No, DC resistance of winding is extremely low, virtually a short-circuit (if my Bosch one is anything to go by), it’s the inductive reactance that controls the current, this climbs from zero until there’s enough magnetism generated to move the plunger, THEN of course it’s switched over to the holding winding. The latter is much higher resistance so that is the one that can be powered up indefinitely. This has to happen in fractions of a second else the current rises too high and could blow the fuse. The fuse, of course, is there to protect the wiring and connectors. So could still be ‘sticky solenoid’, maybe need to open the starter motor for a looksee ?

What’s involved in removing and cleaning the solenoid? Is it straightforward? I’ve bought a Griso manual but it’s pretty useless on stuff like that.

If it’s a Valeo found some instructions here: http://www.threecountiesguzziclub.pwp.blueyonder.co.uk/DOWNLOADS.html

take it to your local auto electrikery specialist

I don’t think so. I shall fix this myself… I do know a bit about electrikery; in my experience with other vehicles, more than many so-called auto specialists. But if someone else who is Guzzi experienced has already ‘done it’, then I’m willing to learn from them rather than ‘re-invent the wheel’.However, I am not yet familiar with the ‘nuts and bolts’ of the Griso regarding disassembling mechanical assemblies (only recently bought it), so am grateful for the help on here of those who are. And as I get experienced on Guzzi specifics, I’ll be happy to share that with others here.S’why I joined the club!
GZK6NK2013-08-04 20:46:37

I’m fairly sure it will be a Bosch starter, the one on my Norge is. Before anyone jumps in, do not compare this with the old Bosch starters. Very easy to do. Disconnect battery.Two bolts hold the sterter to the crankcase, just unscrew them. At some time you will aslo have to remove the connections from the solenoid, sometimes it’s easier to do once the starter is unbolted. Then just remove starter motor.You will then see two Torx (star) screws which you undo, and the solenoid housing will slide back leaving the plunger fixed to the operating arm.Clean sticky grease from plunger and inside of housing, then put a smear of engine oil in place of it.Reassemble as it always says in the Haynes books. Interestingly I blew the starter fuse on the Norge last week, and I had done the bypass, the new direct wire does have an inline fuse (20A). Changed it and the new one blew. Put in a 30A fuse and that held, but the starter did not engage. Turns out the teeth must not have been meshing,which did not allow the solenoid to complete its travel. Ended up removing starter, checking it, then putting it back and all was well. S’why I joined the club! And that’s what we are all here for too.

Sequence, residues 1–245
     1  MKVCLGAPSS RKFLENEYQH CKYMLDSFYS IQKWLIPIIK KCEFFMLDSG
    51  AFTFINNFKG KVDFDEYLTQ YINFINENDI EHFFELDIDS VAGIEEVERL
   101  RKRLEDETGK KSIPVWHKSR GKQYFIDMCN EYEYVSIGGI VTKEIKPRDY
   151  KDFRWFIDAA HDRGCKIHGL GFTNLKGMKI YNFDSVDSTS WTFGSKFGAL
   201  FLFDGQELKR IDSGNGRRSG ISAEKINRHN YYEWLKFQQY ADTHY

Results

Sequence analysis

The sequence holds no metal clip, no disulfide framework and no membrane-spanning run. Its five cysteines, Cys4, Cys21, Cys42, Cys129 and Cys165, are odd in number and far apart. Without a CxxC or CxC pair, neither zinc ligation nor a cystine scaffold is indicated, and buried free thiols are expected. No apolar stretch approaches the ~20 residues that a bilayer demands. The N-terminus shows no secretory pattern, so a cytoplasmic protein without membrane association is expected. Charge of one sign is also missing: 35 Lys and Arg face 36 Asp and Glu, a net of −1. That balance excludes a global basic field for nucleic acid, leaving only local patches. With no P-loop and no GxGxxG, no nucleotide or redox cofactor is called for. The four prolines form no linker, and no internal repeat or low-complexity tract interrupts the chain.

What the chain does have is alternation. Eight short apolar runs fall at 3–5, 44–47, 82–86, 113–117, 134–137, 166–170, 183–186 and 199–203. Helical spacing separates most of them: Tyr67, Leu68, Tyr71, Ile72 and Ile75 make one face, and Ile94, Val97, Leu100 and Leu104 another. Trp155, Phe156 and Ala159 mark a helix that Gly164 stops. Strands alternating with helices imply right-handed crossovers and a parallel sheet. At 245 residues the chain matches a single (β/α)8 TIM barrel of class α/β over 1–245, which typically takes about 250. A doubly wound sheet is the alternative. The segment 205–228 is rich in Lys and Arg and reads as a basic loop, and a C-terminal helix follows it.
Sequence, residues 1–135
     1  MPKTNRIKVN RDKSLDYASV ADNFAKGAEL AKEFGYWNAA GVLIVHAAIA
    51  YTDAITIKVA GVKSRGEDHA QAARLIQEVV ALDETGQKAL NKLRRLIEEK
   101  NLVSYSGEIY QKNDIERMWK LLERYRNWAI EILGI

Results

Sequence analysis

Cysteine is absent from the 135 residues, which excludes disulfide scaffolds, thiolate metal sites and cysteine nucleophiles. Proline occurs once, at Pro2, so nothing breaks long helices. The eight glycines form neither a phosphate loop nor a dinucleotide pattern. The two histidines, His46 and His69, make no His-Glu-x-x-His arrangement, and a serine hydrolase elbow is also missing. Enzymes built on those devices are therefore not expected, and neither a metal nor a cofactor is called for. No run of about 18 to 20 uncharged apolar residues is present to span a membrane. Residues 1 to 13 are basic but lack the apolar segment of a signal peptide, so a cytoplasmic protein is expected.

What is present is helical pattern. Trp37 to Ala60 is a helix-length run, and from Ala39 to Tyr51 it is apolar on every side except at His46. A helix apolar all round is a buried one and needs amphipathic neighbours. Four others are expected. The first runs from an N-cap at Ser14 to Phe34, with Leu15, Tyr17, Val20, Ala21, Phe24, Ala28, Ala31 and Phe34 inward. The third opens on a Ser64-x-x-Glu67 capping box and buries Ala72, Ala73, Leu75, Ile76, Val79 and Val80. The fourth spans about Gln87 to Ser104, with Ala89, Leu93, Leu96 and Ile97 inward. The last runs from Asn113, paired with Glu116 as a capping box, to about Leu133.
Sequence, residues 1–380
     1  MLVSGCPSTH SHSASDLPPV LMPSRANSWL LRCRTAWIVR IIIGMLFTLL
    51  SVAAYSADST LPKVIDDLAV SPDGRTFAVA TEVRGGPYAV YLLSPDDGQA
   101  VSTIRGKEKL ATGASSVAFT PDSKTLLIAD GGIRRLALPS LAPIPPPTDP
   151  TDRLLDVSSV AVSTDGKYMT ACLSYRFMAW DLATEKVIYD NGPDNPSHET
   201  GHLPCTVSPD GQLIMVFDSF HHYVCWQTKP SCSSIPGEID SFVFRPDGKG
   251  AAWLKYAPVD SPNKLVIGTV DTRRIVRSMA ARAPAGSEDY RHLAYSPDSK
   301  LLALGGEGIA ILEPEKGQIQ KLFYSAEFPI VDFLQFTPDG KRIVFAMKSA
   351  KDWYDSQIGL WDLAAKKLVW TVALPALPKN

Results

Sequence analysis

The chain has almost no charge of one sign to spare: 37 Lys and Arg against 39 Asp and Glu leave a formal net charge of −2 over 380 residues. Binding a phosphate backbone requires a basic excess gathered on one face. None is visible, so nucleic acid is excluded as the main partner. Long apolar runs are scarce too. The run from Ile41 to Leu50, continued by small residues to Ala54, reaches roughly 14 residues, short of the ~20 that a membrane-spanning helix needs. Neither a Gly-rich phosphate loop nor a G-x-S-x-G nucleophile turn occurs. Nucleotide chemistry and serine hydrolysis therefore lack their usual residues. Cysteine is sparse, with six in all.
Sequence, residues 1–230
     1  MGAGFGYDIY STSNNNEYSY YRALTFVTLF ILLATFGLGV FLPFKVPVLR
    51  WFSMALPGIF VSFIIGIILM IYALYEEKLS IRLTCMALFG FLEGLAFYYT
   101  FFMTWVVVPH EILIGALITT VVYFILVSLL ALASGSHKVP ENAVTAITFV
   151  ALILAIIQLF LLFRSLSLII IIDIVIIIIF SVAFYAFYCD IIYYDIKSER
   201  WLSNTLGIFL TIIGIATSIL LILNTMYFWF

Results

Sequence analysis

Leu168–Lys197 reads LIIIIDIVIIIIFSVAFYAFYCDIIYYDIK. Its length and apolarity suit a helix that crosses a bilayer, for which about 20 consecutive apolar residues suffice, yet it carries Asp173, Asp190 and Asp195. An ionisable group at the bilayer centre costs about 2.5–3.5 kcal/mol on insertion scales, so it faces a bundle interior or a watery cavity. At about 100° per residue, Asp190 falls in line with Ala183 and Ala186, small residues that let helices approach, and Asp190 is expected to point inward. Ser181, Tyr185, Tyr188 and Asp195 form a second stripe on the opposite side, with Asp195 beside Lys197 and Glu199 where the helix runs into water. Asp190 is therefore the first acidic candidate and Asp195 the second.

Thanks Brian. I did that today, except my starter motor solenoid has 3 Torx screws, not 2. There wasn’t too much grease in there, just a very light smearing. I cleaned it out anyway and smeared the plunger and the inside of the cylinder with a bit of new engine oil on a clean cloth.Has started OK since - let’s see if that has cured it… although I don’t like the idea of the solenoid current going through the ignition switch so will do the mod anyway. When I figure out how to get the rear side panels off the bike to access the relay (see other thread)!I am noticing that any fasteners I take off are ‘dry’, and the lower starter motor mounting bolt had a little corrosion on the shaft and in the threads. So every fastener goes back with a smear of Coppaslip on it.

I always grease every screw/bolt/nut I can find whenever I do anything on the bike.Did you note the make of the starter? Mine was a Bosch one, yours may be different.